When did arc fault circuit interrupter (AFCI) breakers first become required?
Friday, June 22, 2018
The first requirement for AFCI breakers was in the 1999 National Electrical Code (NEC), to be effective on January 1, 2002. It applied only to all receptacle outlets in bedrooms.
The 2002 NEC upped the ante to include all outlets in bedrooms. The difference between a “receptacle outlet” and an “outlet” in the NEC is that a receptacle outlet is defined as “an outlet where one or more receptacles are installed,” but an outlet is “a point on the wiring system at which current is taken to supply utilization equipment.” That would include the receptacle outlets, but also could be a light fixture, appliance, ceiling fan, or smoke alarm. Essentially every electrical appliance or device that has a connection in the bedroom.
Then the 2008 NEC expanded the rooms required to have AFCI-protection to also include “family rooms, dining rooms, living rooms, parlors, libraries, dens, sunrooms, recreation rooms, closets, hallways, or similar rooms or areas.” The 2008 NEC also mandated that Combination AFCI breaker, an upgraded design that detects both series and parallel arc faults, be used instead of the older AFCIs—which only recognized parallel arc faults. To read more about it, see our blog post What is the difference between a Combination Arc Fault Circuit Interrupter (CAFCI) and an Arc Fault Circuit Interrupter (AFCI) circuit breaker?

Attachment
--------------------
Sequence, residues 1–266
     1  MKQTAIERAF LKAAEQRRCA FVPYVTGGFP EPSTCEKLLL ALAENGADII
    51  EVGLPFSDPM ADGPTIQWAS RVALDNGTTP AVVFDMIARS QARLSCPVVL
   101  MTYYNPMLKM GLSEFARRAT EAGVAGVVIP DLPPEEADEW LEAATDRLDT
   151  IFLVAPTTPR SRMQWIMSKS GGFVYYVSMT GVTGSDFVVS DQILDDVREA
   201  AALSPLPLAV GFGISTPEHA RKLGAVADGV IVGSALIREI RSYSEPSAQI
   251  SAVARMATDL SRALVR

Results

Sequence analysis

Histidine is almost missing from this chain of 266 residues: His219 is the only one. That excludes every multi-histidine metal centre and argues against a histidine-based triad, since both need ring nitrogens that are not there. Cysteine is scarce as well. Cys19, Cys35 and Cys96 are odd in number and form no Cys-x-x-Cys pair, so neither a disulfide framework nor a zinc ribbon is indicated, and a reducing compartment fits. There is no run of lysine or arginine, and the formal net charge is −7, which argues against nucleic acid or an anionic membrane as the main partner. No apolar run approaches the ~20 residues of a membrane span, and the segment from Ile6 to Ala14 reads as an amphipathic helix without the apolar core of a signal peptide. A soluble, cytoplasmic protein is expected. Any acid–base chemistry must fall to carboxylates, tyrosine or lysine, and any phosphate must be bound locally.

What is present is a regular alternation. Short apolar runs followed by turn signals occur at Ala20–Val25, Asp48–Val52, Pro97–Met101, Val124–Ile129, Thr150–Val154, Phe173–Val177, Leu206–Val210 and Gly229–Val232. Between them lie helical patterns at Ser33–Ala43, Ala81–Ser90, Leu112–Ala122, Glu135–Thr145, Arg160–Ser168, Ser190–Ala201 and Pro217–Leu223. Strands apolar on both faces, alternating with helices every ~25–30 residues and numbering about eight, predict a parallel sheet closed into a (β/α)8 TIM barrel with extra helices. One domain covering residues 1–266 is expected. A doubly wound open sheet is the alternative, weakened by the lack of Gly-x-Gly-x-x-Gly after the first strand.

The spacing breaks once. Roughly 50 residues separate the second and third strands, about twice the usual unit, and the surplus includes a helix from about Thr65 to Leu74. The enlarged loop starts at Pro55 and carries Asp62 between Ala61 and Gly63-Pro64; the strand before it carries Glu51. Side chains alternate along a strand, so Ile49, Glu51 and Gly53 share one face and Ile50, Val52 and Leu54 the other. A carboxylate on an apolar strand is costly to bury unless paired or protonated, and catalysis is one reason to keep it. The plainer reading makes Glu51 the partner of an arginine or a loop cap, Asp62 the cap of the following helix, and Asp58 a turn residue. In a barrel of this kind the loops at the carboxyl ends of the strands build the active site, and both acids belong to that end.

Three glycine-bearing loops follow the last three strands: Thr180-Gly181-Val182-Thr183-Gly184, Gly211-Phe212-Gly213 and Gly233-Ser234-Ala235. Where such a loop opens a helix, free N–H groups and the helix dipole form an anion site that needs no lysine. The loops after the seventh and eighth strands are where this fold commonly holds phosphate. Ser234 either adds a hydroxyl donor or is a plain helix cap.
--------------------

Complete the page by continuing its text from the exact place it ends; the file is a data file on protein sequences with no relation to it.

Kitchens and laundry rooms were added to the list in the 2014 NEC. There are also rather complicated rules for when the AFCI device can be in the panel, or the first receptacle outlet in a circuit, or a combination of both, which we won’t go into here.
While the year that the NEC added a new requirement is easy to define, each local juridiction’s building codes don’t necessarily adopt the latest edition of the NEC immediately. The state of Florida, for example, did not make the 2011 NEC effective until mid-2015. Other jurisdictions have sometimes waited even longer to adopt a newer NEC edition and, to complicate things further, they might make amendments that exclude parts of the newest requirements. So the year when the NEC first adds or changes a requirement can be several years before your local building department adopted that edition of the code and began enforcing it.
See our blog post What is the difference between GFCI and AFCI circuit breakers to learn more.
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Here’s links to a collection of our other blog posts about AFCI and GFCI RECEPTACLES AND CIRCUIT BREAKERS:
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